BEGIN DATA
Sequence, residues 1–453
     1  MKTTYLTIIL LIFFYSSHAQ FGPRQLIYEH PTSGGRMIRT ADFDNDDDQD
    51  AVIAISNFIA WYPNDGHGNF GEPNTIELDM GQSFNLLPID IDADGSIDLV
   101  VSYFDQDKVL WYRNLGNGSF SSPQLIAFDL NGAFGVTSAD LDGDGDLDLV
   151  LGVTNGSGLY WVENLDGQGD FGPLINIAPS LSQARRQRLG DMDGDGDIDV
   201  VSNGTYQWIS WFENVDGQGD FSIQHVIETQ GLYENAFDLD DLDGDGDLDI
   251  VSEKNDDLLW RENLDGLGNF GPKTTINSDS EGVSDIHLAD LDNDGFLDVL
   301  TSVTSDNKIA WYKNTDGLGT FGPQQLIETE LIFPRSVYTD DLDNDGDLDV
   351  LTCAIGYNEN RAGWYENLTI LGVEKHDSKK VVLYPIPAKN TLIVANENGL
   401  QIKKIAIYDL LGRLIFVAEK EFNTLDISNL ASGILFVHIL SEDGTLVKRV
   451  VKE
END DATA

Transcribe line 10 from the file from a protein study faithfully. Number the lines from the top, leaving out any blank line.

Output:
   401  QIKKIAIYDL LGRLIFVAEK EFNTLDISNL ASGILFVHIL SEDGTLVKRV